Finance Charges "Hidden" Elsewhere. The cash price is not the only number that can be manipulated to include additional finance charges. Other charges, such as those for so-called "ancillary products," are candidates for this treatment, as well. Assume that a dealer sells a retail installment contract to a finance company that imposes a $500 acquisition fee because the buyer is credit-challenged. The dealer, in an effort to recoup the $500 acquisition fee, charges the buyer $1,495 for a service contract that is priced at $995 for buyers financed with companies that do not charge an acquisition fee. Such a practice converts the additional $500 charged for the VSC into a finance charge.

A variation on this practice occurs when the buyer is told by the dealer that "We can't get you financed unless you buy a service contract." The retail installment contract that the buyer signs will state that the purchase of the service contract is voluntary, but the dealer's oral representations have made the purchase of the service contract a condition of financing - in effect, the retail installment contract misrepresents the deal between the dealer and the buyer, and now contains federal disclosure violations.

We experienced a spate of hidden finance charge cases against car dealers in the early 90's. The lawyers for car buyers brought several class action lawsuits, alleging that dealers were hiding finance charges in the prices of their cars. The cases fizzled out, however, largely because of the difficulty that the courts perceived in examining the prices of identically-equipped used cars of the same make and model, the lack of consumer credit sophistication of the plaintiffs' lawyers and because they were private lawsuits in which the efforts to prosecute the suits were limited by the financial wherewithal of the plaintiffs and their counsel.

The world is different today. The Consumer Financial Protection Bureau and the Federal Trade Commission have bottomless war chests and won't drop cases because they run low on money. They also have the power of investigatory subpoenas to gather all a dealer's pricing information and statisticians and economists on board to slice and dice the data to prove their allegations. The agencies know what they are doing, and they are good at it.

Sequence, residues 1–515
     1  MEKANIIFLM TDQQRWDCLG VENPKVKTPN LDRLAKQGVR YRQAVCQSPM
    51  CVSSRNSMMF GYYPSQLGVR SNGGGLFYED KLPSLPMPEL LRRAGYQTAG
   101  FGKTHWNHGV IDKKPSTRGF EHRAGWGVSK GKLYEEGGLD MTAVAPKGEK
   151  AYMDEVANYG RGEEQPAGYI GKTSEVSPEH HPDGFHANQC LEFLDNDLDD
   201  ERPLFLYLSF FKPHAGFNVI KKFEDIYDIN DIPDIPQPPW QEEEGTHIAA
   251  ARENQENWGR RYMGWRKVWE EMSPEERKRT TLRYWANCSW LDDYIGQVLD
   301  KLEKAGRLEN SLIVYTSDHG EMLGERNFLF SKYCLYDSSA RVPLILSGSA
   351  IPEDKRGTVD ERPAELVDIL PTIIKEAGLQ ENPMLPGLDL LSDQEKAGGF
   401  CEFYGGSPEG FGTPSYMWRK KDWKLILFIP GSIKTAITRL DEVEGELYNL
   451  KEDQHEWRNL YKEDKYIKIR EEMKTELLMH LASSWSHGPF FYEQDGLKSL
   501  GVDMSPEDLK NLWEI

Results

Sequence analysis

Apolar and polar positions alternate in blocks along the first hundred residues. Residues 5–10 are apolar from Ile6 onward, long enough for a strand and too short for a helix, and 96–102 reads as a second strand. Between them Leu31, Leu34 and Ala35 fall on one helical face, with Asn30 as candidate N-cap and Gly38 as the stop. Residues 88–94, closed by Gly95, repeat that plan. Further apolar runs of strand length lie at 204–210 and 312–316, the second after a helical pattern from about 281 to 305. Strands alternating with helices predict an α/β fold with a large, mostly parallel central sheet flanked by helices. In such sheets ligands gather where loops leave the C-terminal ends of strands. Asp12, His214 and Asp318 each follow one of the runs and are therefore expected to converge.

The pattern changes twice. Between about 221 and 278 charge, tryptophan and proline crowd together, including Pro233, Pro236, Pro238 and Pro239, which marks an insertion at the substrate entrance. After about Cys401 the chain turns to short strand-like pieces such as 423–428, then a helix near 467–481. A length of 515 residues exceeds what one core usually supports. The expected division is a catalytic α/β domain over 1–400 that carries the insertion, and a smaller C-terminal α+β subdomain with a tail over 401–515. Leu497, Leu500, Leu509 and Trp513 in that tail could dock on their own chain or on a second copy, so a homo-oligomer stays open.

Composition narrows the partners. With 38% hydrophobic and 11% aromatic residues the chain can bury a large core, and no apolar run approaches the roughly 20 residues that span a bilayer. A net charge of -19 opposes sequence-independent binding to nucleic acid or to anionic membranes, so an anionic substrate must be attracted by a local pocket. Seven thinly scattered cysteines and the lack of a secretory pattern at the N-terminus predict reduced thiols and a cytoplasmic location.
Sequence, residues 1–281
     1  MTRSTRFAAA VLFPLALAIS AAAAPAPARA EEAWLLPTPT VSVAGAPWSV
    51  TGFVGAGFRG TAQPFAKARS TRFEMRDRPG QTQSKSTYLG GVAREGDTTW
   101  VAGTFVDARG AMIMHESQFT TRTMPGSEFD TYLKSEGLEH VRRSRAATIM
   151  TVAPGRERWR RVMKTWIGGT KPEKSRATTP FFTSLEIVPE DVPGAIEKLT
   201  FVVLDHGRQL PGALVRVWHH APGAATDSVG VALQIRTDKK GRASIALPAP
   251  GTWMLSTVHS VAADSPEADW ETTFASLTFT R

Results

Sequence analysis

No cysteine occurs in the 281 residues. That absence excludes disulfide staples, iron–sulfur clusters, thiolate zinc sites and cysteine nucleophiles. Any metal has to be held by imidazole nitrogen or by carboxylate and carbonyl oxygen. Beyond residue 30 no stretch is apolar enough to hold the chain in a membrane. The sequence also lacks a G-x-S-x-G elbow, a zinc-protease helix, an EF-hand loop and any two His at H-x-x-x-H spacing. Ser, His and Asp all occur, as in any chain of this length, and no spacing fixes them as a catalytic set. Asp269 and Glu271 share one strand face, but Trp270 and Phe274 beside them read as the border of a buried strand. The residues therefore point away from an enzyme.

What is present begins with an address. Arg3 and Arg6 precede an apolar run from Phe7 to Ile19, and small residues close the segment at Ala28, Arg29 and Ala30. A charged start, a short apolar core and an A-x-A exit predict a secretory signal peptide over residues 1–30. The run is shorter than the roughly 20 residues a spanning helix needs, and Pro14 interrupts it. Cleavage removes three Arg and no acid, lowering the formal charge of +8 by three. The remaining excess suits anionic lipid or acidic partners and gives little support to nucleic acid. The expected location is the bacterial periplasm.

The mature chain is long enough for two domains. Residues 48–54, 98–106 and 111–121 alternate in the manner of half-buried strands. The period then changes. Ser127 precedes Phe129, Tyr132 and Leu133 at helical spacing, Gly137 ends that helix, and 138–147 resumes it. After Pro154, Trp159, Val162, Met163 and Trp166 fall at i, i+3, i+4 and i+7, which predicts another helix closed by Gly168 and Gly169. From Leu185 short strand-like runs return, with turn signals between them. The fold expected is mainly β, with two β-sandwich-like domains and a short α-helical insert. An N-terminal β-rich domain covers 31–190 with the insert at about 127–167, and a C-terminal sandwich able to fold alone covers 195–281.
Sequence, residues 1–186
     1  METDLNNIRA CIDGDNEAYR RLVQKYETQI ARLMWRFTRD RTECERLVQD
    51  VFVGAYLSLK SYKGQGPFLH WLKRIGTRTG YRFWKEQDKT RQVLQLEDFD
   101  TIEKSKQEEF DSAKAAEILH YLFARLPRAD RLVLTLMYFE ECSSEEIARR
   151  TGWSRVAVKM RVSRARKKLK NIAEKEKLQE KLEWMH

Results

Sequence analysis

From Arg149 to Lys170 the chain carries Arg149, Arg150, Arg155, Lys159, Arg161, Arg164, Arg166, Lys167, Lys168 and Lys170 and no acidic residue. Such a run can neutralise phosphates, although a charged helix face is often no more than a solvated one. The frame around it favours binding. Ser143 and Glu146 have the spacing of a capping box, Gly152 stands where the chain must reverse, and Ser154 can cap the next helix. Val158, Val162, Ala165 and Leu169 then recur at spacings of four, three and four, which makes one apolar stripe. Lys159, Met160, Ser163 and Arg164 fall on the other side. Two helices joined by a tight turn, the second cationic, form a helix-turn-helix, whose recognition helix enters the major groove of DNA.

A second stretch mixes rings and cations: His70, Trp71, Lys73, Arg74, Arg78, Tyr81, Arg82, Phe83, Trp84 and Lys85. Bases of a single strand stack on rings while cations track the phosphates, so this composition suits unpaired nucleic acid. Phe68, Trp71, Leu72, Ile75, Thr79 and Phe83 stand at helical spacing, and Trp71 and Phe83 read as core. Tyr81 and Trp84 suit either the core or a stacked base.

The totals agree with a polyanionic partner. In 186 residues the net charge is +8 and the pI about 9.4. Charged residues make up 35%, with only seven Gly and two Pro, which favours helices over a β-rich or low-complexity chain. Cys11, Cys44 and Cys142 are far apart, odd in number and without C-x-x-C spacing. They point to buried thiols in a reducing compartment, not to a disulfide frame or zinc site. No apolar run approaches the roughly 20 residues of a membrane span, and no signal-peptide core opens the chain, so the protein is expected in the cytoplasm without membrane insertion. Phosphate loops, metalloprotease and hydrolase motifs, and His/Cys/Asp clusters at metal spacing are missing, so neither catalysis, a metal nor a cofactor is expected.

How can the agencies tell that you have a problem? I can think of several ways.

Do you advertise your RVs with one price for cash sales and another price for financed sales? Do you advertise a price that is qualified for those "with good credit," or "with approved credit"? Those ads are a giveaway that you are engaging in prohibited pricing hijinks.

Are your buyers complaining about your practices to the CFPB? That agency's online complaint portal has gotten a lot of publicity, and is beginning to get some traction as a go-to place for consumer beefs. You need to be checking it regularly to make sure you aren't the topic of complaints.

Fired anyone lately? Disgruntled ex-employees can be a treasure trove for investigators looking for dealer hanky-panky.

Mystery shopping, anyone? The Consumer Financial Protection Bureau was hiring mystery shoppers at one point, and state Attorneys General frequently employ this tactic. And that RV shopper who just drove into your lot might also just be someone sent by an investigative reporter from your local TV station.

What's a Dealer to Do? To avoid legal challenges to pricing practices, dealers should develop a written pricing policy for their RVs and for ancillary products such as GAP and service contracts. That policy should state that the dealership's pricing does not depend on and is not related to whether the RV is financed. Once a RV is priced, that price should not be changed for a particular transaction (all prices could be subject to periodic review and change, of course). The pricing policy should be part of the dealership's compliance management system and should be reviewed by counsel.

Does all of this seem like too much legalistic red tape for your operation? Maybe a bait shop is in your future.